People in Space: Jeff Bezos and Space Tourism

20th Feb 2020
People in Space: Jeff Bezos and Space Tourism

Jeff Bezos is an American businessman, investor, and innovator who founded the online retailer, Amazon and more recently, the aerospace company Blue Origin that is offering space tourism. At the age of 55, he hit the list of the five most influential people on Earth. According to Forbes, his fortune is valued around $140 billion. 

Elon Musk’s major competitor founded his company two years before Musk’s SpaceX. However, Bezos has focussed on suborbital passenger flights, not cargo delivery. To date, people have already booked thousands of places aboard the New Shepard Blue Origin spacecraft, and the vehicle’s testing phases are almost at an end.

Space as a childhood dream

Space has fascinated Bezos since his early childhood. When he was five years old, he anxiously watched the Apollo 11 landing on the Moon. According to him that’s exactly when his lifelong fascination with space exploration got started.  

At school, Bezos was impressed by an interview with science fiction writer Isaac Asimov and physicist Gerard O’Neill. They spoke of a possible future when 90% of people would live on space stations far from planet Earth. Bezos still believes such a scenario is likely. 

In high school, he was assigned a playground construction project, and his idea was to build one in low gravity. The future businessman added that someday he would open the first amusement park on the Moon.

After graduation, Bezos’s life priorities changed, and he went into business. That’s when Amazon was founded. However, the businessman’s thoughts kept coming back to space. At one of the dinner parties he attended, he met Neil Stevenson, a science fiction writer. They quickly found an area of interest that they both had in common – space. They went on to become very good friends.

Founding Blue Origin

In 1999, Bezos was impressed by the October Sky movie and told Stevenson about his dream of founding a space company. The writer supported his friend by asking: “Why not do it today?” A year later, Blue Origin was officially registered. 

Bezos hired people who were passionate about space. All of them were thinkers rather than engineers, but this suited the company’s ideology. People needed to breathe new life into space travel and start a revolution – in the same way that the e-commerce revolution transformed the retail world.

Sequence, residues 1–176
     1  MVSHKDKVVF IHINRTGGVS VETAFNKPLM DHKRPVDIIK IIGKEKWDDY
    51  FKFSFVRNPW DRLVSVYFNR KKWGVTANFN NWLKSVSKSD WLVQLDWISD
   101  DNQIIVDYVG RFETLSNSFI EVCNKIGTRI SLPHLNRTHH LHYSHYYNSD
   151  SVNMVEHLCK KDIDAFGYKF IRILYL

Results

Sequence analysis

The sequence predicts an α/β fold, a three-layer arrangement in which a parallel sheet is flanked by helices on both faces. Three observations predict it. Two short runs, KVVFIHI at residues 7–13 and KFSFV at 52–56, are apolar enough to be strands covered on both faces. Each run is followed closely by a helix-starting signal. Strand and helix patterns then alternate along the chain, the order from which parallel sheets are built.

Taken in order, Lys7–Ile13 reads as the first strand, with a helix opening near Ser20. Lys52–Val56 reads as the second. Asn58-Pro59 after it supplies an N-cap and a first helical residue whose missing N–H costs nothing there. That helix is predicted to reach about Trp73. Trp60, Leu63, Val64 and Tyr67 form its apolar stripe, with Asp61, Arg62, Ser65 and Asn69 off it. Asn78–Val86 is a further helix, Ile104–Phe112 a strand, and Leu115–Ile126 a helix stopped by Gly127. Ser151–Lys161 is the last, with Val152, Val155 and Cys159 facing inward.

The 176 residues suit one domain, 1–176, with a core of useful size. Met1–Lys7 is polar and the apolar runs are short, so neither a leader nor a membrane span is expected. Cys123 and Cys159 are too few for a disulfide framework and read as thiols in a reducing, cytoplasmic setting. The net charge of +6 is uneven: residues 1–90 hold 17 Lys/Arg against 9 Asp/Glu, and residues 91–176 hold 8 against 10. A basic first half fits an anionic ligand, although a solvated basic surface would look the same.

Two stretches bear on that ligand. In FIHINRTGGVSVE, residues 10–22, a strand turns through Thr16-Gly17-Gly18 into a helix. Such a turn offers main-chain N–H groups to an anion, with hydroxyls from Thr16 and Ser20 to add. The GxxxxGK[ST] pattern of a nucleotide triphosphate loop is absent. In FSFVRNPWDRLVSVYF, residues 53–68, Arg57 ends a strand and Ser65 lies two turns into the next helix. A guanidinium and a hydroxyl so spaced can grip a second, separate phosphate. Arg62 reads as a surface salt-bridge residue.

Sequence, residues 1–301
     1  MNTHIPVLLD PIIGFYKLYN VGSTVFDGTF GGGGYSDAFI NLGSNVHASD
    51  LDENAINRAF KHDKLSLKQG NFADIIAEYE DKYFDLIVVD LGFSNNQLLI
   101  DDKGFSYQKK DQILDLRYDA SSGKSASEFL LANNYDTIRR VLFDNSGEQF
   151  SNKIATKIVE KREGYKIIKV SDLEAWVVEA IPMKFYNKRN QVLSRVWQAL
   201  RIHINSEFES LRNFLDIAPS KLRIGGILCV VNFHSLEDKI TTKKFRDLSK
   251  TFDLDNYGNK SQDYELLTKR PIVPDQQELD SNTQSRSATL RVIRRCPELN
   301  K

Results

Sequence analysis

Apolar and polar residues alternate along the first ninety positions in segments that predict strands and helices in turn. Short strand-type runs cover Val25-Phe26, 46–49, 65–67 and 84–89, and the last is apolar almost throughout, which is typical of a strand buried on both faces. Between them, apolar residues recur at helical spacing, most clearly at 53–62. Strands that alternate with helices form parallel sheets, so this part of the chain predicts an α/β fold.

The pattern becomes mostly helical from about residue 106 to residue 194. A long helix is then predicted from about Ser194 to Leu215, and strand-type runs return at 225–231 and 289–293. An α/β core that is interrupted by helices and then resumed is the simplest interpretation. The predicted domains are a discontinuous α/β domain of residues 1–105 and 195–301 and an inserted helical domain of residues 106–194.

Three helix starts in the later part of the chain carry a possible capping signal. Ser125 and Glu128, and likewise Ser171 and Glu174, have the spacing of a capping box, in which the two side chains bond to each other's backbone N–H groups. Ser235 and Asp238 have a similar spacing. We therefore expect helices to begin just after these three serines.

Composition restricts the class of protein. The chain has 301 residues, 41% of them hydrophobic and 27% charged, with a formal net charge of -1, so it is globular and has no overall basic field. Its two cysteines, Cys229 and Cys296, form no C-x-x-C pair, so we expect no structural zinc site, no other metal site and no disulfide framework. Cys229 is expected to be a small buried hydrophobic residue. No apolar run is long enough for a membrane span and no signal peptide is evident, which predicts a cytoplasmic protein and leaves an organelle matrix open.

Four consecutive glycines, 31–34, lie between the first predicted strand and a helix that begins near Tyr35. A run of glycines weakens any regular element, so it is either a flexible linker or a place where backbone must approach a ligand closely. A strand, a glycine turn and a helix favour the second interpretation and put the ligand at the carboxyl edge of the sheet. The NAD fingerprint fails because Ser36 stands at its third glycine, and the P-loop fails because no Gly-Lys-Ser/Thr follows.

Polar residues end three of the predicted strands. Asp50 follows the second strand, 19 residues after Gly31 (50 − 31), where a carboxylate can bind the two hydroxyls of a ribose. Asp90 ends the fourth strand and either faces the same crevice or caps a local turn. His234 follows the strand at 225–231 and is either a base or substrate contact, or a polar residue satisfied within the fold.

In 2003, Bezos started hiring aerospace engineers who had previously worked on the DC-X project. That was a prototype of a rocket that could land vertically. Bezos loved the concept, but he wanted to make those rockets reusable. His logic was clear – it would not make any sense to dispose of the whole rocket after a single launch. 

Bezos considered several landing options – parachutes, air cushions, even outriggers. Eventually, he settled on a vertical landing with a special support system. That’s how Charon, the first brainchild of Blue Origin, was invented. The invention was equipped with Rolls-Royce engines and looked like a small oil platform. In March 2005, Charon flew 100 meters above the ground and successfully landed on the supports. This was Bezos’s first success in his space endeavours, and it became a founding stone for building the first passenger spacecraft ever. In 2015, New Shepard (named after the legendary cosmonaut Alan Shepard) made its first successful touch-down. SpaceX successfully landed its Falcon 9 eight months later. 

Space tourism as an inevitable future

Bezos plans to send the first tourists into space within the next few years. He believes, such a space trip will become the first milestone in starting a suborbital tourism business and, eventually, relocating people to outer space. Bezos is confident that professional astronaut space flights are not bringing this future any closer. Space tourism, with ordinary people as passengers, will.

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